Programming language to learn
April 2, 2010 9:21 AM   Subscribe

What programming language should I learn?

I learned java at university, which I'm almost finished with, but we have barely touched any other language and I would like to branch out.

I'm sure the immediate response to that question would be to ask me what I want to do. So:

I want a nice job. I'm not trying to be on the fast track to being a millionaire or anything. I just want a good job that pays the (not extravagant) bills.

I want to make games. They would most likely be open source, but it is possible I would put a game or two up for sale to see if I can collect a bit of pocket money. The type of game I'm most interested in is something rather like the turn-based RPGs Squaresoft used to make before they were making 3D games. Final Fantasy, for example. I doubt I would make anything 3D, but possibly isometric. I might also want to make a game people can play online, but probably not browser-based.

I have done a little bit of C++ but I didn't like it. Should I stick with it until I get used to it or try something else? In my very inexperienced opinion, I really like how Java forces (or at least encourages) good practices. A lot of the time when I was doing C++, I felt like I was forced to do things that I would have considered bad practice in Java. Especially, it didn't seem well geared to OOP.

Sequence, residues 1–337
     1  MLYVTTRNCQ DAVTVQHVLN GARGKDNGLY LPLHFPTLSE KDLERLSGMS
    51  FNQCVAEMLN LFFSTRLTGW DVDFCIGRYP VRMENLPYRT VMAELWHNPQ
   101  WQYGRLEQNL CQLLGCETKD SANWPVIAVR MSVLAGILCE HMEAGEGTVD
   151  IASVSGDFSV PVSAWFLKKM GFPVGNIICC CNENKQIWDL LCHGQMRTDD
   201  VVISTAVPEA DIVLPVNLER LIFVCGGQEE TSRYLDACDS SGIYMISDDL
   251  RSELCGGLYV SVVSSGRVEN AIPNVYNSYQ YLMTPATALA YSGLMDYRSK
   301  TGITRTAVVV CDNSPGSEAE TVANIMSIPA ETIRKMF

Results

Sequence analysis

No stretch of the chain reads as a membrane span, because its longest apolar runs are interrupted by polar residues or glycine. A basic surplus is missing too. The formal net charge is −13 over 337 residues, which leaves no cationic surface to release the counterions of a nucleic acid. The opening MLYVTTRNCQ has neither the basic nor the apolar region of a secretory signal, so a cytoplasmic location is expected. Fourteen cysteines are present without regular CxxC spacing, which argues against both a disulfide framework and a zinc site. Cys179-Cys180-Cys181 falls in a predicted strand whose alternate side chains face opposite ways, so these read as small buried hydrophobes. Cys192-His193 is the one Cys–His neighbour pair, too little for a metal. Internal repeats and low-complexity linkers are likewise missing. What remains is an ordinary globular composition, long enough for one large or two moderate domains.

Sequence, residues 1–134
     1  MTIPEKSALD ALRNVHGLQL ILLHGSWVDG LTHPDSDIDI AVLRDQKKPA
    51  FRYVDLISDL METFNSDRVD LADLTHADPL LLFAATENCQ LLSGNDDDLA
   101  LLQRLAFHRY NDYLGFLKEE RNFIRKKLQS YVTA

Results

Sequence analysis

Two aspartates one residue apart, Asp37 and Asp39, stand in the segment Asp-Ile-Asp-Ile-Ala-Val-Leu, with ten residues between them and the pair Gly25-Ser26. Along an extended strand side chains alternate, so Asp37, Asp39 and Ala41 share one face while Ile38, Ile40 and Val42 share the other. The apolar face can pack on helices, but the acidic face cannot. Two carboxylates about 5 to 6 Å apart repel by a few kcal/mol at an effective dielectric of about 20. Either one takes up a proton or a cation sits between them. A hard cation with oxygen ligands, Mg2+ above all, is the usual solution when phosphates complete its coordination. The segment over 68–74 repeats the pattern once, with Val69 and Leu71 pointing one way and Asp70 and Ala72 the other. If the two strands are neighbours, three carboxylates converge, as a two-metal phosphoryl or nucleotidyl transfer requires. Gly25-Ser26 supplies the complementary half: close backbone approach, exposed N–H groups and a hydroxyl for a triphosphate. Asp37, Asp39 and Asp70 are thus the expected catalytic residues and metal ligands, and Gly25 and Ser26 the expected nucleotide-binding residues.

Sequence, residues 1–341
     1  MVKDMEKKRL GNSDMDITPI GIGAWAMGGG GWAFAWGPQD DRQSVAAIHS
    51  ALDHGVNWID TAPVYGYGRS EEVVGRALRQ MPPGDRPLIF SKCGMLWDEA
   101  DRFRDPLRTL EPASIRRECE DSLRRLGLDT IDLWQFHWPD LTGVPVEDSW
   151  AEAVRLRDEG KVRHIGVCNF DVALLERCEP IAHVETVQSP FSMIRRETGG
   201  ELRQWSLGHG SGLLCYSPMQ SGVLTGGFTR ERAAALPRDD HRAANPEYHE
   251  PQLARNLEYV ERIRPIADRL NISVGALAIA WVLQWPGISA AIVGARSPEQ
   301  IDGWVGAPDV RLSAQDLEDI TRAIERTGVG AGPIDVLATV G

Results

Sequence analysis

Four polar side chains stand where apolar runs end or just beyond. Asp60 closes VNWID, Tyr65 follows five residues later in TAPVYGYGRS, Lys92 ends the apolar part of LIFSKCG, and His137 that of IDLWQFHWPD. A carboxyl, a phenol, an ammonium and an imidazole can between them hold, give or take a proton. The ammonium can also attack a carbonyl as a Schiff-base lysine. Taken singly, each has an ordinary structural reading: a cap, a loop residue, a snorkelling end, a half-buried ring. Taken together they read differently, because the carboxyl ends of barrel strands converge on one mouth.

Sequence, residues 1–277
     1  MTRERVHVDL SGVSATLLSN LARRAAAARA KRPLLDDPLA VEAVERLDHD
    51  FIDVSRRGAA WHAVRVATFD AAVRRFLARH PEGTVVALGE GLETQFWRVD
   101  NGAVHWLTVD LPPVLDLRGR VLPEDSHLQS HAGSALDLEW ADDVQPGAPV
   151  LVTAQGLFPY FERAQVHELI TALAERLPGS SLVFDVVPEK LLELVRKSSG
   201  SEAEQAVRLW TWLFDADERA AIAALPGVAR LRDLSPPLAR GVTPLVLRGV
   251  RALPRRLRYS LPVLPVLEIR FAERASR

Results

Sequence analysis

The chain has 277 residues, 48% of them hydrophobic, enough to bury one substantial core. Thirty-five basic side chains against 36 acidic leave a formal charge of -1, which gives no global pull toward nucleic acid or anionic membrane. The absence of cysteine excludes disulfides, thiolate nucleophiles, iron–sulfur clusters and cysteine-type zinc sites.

This question has been asked here and here, but I'm asking again because I think the answer is specific to who is asking this question.
posted by giggleknickers to Computers & Internet (34 answers total) 15 users marked this as a favorite
 
I want to make games.

What platform?
posted by Brent Parker at 9:28 AM on April 2, 2010


YMMV depending upon platform:

Objective-C. Not the prettiest language, but if you want to make games, I heard of this new device that plays games running in Objective C, not browser based, with rich graphics in a tightly controlled environment. Bonus: instant marketplace.

This is the canon to start with.
posted by pmed at 9:31 AM on April 2, 2010


I want a nice job. I'm not trying to be on the fast track to being a millionaire or anything. I just want a good job that pays the (not extravagant) bills.

If you want a good job, learn a Microsoft .Net language, specifically C#. I'm not sure how useful it'll be for games, though.